Adventure Therapy: Theory, Research, and Practice (1st Edition)
The evolution and history of adventure therapy, as chronicled in the second chapter of this book, well demonstrates how far this field has evolved from a “divergent therapy” into an efficacious form of therapy that engages clients on cognitive, affective, and behavioural levels.
Adventure Therapy is written by three professionals who have been at the forefront of the field since its infancy. The theory, techniques, research, and case studies they present are the cutting edge of this field.
The authors focus on the following:
• the theory substantiating adventure therapy
• illustrations that exemplify best practices
• the research validating the immediate as well as long-term effects of adventure therapy, when properly conducted.
This book is the leading academic text, professional reference, and training resource for adventure therapy practices in the field of mental health. It is appropriate for a wide range of audiences, including beginner and experienced therapists, as well as graduate students.
Paperback: 399 pages
Publisher: Routledge; 1 Edition (2012)
Product Dimensions: 229 x 152 x 22 mm
Shipping Weight: 585 gm (plus packaging)
About the Authors
Michael A. Gass, PhD, is a Professor and Coordinator of the Outdoor Education Program in the College of Health and Human Services at the University of New Hampshire, and a licensed marriage and family therapist.
H.L. “Lee” Gillis, PhD, is Professor and Chair of Psychological Science at Georgia College, and a licensed psychologist.
Keith C. Russell, PhD, is a Professor in the Recreation Program at Western Washington University.
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“This is the most relevant, important, and salient contribution to the practice of Adventure Therapy in two decades. This is a timely step toward professionalism and congruence with more accepted mental health practices.” - Tiffany Wynn, Prescott College, Arizona, USA, and Director, Adventure Based Psychotherapy & Ecopsychology Concentrations, Arizona, USA
“Adventure Therapy masterfully weds a half-century of rich clinical practice with well-reasoned theory and promising research. The editors have skilfully woven a convincing, exciting, and visionary fabric of support for an intervention that has been shown to be life changing.” - Gary M. Burlingame, Past-President (2011) & Fellow, Division 49, APA, and Brigham Young University, Utah, USA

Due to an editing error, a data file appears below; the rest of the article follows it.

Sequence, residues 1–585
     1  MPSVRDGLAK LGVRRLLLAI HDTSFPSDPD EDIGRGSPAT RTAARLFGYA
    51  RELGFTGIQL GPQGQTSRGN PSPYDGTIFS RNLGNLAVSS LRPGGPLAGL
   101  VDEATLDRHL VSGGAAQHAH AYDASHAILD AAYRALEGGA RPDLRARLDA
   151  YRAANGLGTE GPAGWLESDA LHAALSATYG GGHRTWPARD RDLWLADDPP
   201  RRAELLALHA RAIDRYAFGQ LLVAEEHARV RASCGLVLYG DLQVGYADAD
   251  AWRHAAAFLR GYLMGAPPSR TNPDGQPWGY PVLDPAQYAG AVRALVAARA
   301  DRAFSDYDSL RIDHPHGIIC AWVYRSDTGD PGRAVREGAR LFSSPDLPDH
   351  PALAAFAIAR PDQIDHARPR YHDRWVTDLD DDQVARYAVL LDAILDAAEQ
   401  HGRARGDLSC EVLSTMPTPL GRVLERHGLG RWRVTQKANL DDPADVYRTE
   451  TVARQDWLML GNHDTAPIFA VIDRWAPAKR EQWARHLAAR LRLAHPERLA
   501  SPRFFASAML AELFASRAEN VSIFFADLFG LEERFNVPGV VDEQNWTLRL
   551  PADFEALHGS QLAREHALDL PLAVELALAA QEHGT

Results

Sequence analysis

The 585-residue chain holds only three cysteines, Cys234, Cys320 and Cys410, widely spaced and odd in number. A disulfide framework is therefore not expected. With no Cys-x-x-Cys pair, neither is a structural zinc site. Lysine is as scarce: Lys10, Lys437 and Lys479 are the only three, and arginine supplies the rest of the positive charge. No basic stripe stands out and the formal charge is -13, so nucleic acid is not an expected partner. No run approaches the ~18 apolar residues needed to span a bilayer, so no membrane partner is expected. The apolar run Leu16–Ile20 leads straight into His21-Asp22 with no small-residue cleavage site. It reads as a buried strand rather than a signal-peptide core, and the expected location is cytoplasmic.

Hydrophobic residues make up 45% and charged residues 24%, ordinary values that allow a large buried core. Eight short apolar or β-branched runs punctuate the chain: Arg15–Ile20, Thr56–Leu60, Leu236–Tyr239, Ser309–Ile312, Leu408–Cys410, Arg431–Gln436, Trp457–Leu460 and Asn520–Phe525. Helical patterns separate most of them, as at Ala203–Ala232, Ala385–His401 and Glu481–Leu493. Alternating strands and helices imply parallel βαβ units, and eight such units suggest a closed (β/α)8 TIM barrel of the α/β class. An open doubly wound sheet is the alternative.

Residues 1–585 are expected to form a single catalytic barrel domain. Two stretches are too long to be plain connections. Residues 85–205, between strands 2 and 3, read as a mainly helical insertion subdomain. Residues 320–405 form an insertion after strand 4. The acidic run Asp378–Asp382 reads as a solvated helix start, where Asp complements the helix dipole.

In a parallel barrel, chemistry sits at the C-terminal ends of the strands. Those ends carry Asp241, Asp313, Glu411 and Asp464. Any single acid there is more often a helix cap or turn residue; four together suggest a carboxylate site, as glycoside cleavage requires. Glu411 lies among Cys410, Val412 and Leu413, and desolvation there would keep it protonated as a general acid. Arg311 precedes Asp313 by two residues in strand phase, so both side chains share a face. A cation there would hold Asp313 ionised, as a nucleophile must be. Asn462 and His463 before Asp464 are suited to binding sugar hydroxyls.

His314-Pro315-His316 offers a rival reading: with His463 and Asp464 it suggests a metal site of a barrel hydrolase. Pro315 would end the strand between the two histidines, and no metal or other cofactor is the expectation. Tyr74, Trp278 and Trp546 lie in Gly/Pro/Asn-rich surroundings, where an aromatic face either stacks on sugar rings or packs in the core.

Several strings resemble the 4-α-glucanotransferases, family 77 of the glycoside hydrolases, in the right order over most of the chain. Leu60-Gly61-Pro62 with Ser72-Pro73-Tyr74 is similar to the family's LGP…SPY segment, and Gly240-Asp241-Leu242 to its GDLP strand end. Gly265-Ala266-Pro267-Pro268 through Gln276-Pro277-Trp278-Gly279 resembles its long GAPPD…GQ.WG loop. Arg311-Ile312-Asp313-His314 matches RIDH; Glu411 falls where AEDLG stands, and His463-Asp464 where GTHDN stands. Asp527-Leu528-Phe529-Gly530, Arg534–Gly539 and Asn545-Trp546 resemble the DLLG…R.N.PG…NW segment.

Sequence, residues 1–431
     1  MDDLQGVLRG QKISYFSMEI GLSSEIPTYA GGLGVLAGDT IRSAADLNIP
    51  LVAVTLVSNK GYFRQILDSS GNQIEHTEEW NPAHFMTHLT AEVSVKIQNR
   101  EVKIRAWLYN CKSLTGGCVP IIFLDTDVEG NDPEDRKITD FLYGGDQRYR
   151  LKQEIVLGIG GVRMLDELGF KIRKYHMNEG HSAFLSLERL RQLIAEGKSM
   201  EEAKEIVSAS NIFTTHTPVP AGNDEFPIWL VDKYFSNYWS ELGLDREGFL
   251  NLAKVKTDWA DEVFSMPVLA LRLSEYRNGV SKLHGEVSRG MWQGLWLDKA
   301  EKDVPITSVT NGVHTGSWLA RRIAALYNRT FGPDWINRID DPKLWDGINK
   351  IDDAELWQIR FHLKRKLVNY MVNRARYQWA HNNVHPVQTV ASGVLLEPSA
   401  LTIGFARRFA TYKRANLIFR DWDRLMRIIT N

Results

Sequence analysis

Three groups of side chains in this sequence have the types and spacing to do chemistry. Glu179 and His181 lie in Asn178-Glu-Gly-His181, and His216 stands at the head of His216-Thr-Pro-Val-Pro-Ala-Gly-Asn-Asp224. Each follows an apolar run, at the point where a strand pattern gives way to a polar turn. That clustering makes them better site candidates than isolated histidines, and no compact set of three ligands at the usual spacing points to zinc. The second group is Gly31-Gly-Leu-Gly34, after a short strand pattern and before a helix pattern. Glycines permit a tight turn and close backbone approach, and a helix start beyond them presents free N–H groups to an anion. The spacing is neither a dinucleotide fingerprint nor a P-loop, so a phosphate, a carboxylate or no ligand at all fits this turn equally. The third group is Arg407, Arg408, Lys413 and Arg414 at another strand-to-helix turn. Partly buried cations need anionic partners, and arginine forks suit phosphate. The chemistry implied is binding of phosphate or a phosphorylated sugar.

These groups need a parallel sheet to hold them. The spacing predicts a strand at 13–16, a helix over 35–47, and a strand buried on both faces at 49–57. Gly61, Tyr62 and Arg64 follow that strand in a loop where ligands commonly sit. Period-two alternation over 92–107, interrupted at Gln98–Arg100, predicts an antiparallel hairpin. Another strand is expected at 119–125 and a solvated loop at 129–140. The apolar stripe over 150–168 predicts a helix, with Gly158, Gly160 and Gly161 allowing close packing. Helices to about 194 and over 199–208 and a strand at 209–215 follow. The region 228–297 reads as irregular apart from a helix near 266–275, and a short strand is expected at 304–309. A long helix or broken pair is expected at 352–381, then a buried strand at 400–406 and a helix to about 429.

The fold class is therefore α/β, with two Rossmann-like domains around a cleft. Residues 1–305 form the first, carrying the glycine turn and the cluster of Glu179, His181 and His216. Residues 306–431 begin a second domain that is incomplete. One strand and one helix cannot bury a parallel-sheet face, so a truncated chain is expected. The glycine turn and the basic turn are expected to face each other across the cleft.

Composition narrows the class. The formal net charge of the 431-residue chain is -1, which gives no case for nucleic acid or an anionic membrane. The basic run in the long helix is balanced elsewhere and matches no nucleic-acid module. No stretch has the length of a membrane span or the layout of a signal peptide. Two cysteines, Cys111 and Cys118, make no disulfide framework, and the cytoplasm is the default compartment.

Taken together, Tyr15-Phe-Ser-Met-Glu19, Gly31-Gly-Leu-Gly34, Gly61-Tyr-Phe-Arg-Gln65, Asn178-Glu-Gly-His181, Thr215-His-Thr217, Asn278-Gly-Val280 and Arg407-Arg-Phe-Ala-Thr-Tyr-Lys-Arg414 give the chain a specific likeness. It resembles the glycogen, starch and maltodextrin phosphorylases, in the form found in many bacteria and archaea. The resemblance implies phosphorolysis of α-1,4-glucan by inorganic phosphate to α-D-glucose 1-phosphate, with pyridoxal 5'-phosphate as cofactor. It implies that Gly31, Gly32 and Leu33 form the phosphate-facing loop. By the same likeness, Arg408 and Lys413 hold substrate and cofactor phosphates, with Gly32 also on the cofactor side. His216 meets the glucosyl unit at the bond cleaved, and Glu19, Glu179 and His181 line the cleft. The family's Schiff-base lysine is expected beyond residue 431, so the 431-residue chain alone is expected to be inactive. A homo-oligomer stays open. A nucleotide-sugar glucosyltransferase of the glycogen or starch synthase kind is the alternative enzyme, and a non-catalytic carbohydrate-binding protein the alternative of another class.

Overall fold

“This is a necessary resource in the newly developing and burgeoning field of adventure therapy. It clearly outlines how to ethically and competently use adventure based therapy and is a must-have in all practitioners’ libraries.” - Janice DeLucia-Waack, Buffalo, New York, USA
Most Helpful Customer Reviews:
By: Assoc For Natural Psych
“This is an excellent read, with much valuable, unbiased, authoritative, and well-researched information, that can be of much value to mental health professionals, as well as to educators, who, in most scenarios, will have dealings with challenged youth. Challenged youth include those in trouble with the law, drug and alcohol abuse, youth who have experienced trauma in one form or another, or those who having difficulty socially integrating (not a complete list, but a framework). Adults can also benefit from AT, including those in the prison population.
I would highly recommend this book. I participated in one of the schools mentioned here, the Boulder Outdoor Survival School, and it was a somewhat challenging experience, and did have therapeutic value, although it was not necessarily physically as challenging as one might expect. The book provides a detailed history of the development of Adventure Therapy (AT), discusses in-depth, the history and structure of such well-known organizations as Outward Bound, and details the path of organizations that followed and preceded, the roots of which go back to the 1800s in Upstate New York, and New England.
Also, there have been deaths from dehydration, boating accidents, etc., controversies over inadequate training of some staff or some schools, which may have contributed to such deaths; there is one controversial school of thought which uses an "in-your-face," marines, or boot-camp approach; the leaders of one camp were found guilty of serious sexual abuse. The controversial aspects of AT, then, are not glossed over.
The writing style is easy to read, modest, informative, and honest. Additionally, the various organizations and literature associated with the (AT) movement are given due consideration as well. The book is directed towards professionals, including mental health professionals, and also including mainstream school administrators who might be interested in incorporating some form of adventure therapy in their field trip curriculum, and provides excellent background information and guidance.
Parents who might consider any number of the main-stream camps and services in the (AT) community, will also greatly benefit from the information here. Administrators and educators involved in alternative education schools, residential programs, and substance abuse counselling also would benefit from information here. (AT) does not necessarily follow the Outward Bound model of 26 days in the wilderness, but can be incorporated on a day-trip model weekly, monthly, or even on an occasional or single outing. This literature can give parents and caregivers ideas in self-help based on the AT model.
This is highly recommended and provides a stimulus towards adjunctive therapy, as well as possibly primary therapy for a variety of challenged youths and adults.”